No single definition of terrorism has gained universal acceptance. For the purposes of argument, lets use the definition of terrorism contained in Title 22 of the United States Code, Section 2656f(d). That statute contains the following definitions:
- The term "terrorism" means premeditated, politically motivated violence perpetrated against noncombatant targets by sub-national groups or clandestine agents, usually intended to influence an audience.
- The term "international terrorism" means terrorism involving citizens or the territory of more than one country.
- The term "terrorist group" means any group practicing, or that has significant subgroups that practice, international terrorism.
- The U.S. Government has employed this definition of terrorism for statistical and analytical purposes since 1983.
Thus, we can apply this definition towards the actions of many parties throughout the world, including sovereign states, governments, individual citizens, autonomous groups, etc.
Lets apply these definitions to both the US and Iraq. The USs intention to bomb and invade Iraq meets the definition of terrorism because:
- It is premeditated
- It is politically motivated
- It will largely harm non-combatants (just like the Gulf War)
- It will definitely influence an audience (i.e. the Middle East)
The only thing that is missing is the fact that the US is not a subnational group or necessarily clandestine (the CIA notwithstanding). But, does this stand in the way of our definition? If we follow the logic of the above definition, no group in power of a state could actually commit terrorism. Thus, Saddam Hussein could not be a terrorist, since he is the head of a government. The same would go for the former Taliban in Afghanistan.
This is, of course, ridiculous. I submit that it is even more important to label those in power as terrorist when they do the above, because:
- They have the overwhelming power to avoid it
- Their violence can be even more extreme than those out of power
- In theory, the righteous ones should stand above the others, morally, and not stoop to their level
Anyone can be a terrorist, not just the USs official enemies. If it is to be a truly respected idea and definition, it must be fairly applied to everyone, our allies and even ourselves. Remember that old saying your mother taught you? Dont point your finger at others (because when you do four fingers point back at you). The same is true in international politicsor at least should be.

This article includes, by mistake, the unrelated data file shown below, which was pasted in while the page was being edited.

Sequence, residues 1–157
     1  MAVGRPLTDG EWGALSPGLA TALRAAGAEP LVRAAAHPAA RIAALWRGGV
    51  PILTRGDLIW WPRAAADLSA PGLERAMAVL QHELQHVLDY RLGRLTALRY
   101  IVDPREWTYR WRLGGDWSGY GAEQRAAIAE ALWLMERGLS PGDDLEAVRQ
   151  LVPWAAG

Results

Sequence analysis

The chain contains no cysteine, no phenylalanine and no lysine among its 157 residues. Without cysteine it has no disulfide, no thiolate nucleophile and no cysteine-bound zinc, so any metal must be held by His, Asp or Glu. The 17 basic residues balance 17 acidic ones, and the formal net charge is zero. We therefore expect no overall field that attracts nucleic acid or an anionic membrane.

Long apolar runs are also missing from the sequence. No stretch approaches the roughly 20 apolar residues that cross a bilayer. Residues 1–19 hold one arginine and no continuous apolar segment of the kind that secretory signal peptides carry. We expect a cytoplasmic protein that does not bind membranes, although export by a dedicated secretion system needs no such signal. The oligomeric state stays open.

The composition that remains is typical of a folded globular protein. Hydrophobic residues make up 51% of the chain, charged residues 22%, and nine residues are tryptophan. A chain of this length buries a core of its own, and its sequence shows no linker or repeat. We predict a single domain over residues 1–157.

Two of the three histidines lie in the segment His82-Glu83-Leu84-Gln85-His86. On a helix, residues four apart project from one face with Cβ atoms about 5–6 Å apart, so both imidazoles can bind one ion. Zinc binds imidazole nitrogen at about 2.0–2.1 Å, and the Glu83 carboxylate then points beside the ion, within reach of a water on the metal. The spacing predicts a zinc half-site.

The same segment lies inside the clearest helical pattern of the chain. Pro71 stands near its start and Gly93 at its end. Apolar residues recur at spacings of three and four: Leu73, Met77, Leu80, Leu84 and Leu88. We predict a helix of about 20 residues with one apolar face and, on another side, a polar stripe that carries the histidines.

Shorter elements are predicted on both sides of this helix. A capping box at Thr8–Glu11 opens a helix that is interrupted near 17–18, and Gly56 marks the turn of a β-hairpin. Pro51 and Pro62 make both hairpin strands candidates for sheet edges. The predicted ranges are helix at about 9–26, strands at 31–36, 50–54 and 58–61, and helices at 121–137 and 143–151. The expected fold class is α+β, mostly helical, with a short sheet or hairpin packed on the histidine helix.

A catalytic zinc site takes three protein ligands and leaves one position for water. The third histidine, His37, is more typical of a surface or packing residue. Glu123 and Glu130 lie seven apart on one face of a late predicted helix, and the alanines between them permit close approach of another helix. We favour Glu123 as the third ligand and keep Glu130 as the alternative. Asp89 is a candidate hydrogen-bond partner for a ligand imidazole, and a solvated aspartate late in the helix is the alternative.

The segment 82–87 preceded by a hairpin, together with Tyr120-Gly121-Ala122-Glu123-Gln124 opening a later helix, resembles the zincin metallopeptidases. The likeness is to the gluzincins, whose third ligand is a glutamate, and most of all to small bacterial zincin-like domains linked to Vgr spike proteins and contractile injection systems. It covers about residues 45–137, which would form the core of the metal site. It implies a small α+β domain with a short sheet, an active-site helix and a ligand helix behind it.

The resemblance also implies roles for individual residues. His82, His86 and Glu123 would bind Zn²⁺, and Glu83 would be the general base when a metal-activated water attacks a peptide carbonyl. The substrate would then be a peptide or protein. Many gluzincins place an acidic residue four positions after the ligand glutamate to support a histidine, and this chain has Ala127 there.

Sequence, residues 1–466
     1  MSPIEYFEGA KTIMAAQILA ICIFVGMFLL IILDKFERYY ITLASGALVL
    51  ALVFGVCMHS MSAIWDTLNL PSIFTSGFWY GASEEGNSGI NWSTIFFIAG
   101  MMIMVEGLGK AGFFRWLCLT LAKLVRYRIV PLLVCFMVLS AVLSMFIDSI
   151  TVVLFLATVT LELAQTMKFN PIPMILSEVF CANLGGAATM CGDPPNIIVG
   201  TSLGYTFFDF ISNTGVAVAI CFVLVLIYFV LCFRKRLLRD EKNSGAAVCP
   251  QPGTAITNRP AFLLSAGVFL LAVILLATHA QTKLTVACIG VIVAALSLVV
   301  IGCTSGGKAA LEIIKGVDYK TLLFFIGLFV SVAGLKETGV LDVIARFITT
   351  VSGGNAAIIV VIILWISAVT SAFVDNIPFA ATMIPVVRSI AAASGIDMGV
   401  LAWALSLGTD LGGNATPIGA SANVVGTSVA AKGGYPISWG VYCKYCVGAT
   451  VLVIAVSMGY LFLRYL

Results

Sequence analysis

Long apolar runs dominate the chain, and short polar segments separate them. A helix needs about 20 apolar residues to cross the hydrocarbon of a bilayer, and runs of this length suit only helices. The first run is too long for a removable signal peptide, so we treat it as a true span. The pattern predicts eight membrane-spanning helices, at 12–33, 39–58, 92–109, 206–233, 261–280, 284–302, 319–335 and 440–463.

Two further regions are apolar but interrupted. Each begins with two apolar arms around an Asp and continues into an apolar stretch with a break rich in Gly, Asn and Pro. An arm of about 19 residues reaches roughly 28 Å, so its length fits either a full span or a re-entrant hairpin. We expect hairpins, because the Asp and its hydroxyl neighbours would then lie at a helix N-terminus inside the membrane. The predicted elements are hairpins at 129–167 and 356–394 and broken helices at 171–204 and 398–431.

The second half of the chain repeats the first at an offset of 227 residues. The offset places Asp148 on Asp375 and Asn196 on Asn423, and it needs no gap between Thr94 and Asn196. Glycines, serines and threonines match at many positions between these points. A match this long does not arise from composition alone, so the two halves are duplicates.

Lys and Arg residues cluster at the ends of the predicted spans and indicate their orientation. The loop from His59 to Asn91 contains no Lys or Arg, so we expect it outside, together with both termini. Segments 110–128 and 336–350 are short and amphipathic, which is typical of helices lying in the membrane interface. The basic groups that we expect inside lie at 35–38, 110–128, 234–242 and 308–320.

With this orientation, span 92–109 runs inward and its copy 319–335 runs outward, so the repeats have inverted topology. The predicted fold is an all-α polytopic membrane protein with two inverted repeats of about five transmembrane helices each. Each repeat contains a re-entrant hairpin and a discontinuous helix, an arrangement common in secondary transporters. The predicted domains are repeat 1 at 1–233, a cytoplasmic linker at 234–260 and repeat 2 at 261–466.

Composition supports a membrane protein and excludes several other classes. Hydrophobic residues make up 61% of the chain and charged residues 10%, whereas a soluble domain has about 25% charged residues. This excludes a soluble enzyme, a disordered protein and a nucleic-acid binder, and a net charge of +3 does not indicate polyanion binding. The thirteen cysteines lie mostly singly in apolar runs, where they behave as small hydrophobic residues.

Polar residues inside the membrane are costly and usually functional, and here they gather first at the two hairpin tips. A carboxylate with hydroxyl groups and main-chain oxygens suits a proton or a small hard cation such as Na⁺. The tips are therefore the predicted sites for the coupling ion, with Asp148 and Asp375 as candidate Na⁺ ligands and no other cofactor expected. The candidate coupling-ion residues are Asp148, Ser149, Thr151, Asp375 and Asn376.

If the most powerful military power in the world failed to turn the mirror on itself to ask the important and difficult questions, where is its ethics? Indeed, failing to challenge the violence of US actions is devoid of morality. Americans have an obligation to not do the same heinous actions that we accuse others of. Is it not obvious?
The US governments War on Terrorism is illogical and immoral for the following reasons:
- It ignores political motivations
- It is being executed militarily, not politically
- It is based upon revenge
- It has skirted International Law and other protocols of mediation and intervention
- It targets human beings, not terrorism itself
- It creates further double-standards in US foreign policy
- It does not outline clear distinctions of terrorism
- It fails to analyze the terrorism of official allies and the US government itself
- It inflicts terror upon equally innocent human targets
- It works to achieve results not under the stated purpose, such as war industry profits, US hegemony gains, continued energy reserve domination, etc.
- It involves incredible reductionism in logic and rhetoric from politicians and military personnel
- It is being used as a justification for domestic repression of immigrants, people of color, civil liberties, political activists, and others
- It violates widely shared belief in the Golden Rule
- It fails to discriminate between terrorists and those who share the ethnic, religious, and political beliefs of terrorists.
- It is reactionary and not preventive
- It lacks transparency in justification and application
- It acts as the moral justifier to continued and increased economic and military repression throughout the world
- It is a catch-all phrase which creates unquestioning obedience from citizens of our leaders
- It will replicate and spread the conditions for further acts of terrorism
- It operates on the false presumption that two wrongs make a right
No just end is justified through unjust means and methods. Thus, if any of the preceding is true (and I assert it is), the War on Terrorism is an unjust policy and requires the resistance of those who believe in justice. Resistance to injustice does not mean support of terrorism. In fact, resistance to injustice is the best way to fight terrorism, since terrorism itself is an act of injustice. It is morally reprehensible to adopt the same methods and motivations of terrorists themselves to rid ourselves of terrorism.
One does not fight terrorism by causing further terror no more than one makes friends via abusive words. Gandhis classic observation is of immeasurable importance: An eye for an eye makes the whole world blind.
To turn Bushs notorious sound bite (and fallacy) youre either with us or the terrorists around: youre either against violence of all kinds or youre for violence of all kinds.